According to NCCI claim frequency decreased in 2009 by 4.0% from 2008 (last year the annual decline was 3.4%). This continues a twenty-year downward trend that is expected to extend into 2010. You can read the full research report on its website, www.ncci.com.
Much of the reason for the current decline is the weakness in the job market. My colleagues and I often speculate about the impact of recession and recovery on claim frequency. NCCI's research explains it this way:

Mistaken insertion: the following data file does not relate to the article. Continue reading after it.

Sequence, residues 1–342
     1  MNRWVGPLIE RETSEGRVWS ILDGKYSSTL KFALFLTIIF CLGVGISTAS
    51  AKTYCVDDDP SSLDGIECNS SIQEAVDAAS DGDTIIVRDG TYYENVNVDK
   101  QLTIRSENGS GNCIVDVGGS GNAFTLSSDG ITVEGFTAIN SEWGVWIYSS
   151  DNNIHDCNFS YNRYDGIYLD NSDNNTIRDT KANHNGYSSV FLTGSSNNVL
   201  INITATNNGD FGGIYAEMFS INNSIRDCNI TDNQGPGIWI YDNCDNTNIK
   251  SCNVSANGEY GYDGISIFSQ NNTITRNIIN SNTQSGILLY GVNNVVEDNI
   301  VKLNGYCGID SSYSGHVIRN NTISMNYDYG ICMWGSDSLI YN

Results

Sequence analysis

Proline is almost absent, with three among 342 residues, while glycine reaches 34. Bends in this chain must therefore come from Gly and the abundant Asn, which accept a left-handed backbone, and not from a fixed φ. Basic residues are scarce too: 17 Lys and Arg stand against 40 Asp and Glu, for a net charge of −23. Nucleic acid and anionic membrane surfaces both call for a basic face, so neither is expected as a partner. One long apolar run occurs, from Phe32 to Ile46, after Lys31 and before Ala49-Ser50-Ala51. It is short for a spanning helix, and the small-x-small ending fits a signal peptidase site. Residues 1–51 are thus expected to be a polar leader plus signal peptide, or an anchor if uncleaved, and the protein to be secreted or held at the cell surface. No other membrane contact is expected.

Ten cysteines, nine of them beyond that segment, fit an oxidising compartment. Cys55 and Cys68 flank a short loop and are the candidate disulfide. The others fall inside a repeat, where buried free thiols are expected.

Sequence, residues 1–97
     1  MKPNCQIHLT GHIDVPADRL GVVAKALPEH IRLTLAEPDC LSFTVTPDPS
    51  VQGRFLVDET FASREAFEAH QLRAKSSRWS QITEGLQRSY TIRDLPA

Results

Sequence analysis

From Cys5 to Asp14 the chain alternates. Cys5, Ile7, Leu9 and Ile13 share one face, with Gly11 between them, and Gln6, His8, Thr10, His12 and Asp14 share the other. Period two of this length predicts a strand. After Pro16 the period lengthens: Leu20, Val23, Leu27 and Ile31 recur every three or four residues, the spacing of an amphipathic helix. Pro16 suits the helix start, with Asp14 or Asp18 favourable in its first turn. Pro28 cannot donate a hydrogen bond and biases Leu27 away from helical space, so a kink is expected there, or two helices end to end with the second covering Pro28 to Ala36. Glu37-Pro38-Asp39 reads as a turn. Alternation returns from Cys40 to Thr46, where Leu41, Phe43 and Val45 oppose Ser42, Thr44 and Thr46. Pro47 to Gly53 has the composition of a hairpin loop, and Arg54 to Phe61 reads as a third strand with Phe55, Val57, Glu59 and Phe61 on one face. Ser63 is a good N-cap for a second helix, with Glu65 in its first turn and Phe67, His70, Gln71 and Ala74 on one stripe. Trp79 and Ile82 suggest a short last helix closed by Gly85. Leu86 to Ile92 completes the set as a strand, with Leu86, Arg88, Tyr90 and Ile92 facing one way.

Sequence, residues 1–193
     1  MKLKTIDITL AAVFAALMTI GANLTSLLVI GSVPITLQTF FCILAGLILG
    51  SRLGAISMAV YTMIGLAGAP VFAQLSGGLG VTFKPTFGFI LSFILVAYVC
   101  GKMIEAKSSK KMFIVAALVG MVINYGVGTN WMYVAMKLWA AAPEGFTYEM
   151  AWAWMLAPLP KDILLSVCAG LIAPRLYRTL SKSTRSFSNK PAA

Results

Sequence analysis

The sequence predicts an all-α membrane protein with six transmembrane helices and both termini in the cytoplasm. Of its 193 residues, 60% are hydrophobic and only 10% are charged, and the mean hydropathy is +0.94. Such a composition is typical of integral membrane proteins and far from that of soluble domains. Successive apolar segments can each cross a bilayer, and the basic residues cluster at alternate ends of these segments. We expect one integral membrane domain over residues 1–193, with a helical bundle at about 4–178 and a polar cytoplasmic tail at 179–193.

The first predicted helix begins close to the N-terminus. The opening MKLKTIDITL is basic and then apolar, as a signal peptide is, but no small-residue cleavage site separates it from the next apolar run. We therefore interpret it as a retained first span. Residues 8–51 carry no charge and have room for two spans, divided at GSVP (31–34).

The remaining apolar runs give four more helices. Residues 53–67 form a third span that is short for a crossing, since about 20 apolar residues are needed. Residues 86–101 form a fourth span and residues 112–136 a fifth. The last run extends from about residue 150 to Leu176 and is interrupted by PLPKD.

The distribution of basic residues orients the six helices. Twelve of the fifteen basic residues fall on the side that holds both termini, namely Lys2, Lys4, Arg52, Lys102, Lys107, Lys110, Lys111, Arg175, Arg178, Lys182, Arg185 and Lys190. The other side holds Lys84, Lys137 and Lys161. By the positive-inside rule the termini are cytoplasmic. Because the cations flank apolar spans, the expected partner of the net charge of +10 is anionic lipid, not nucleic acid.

". . . economic recessions typically put additional downward pressure on claim frequency. This is because, during recession, there is less ― 'job creation', which translates into a more experienced, and thus less accident-prone, workforce. Additionally, during recessions, heightened ― 'job destruction' puts upward pressure on frequency as laid off workers may look to workers compensation for wage continuation. Taken together, NCCI research concludes that, during recessions, the impact of lessened job creation outweighs the impact of heightened job destruction, thus causing frequency to drop more than it would otherwise. During economic recoveries, as job creation picks up and job destruction abates, the proportion of inexperienced workers increases, thus putting upward pressure on frequency. However, unless the economic recovery is vigorous, this upward pressure is weaker than the general downward trend in frequency."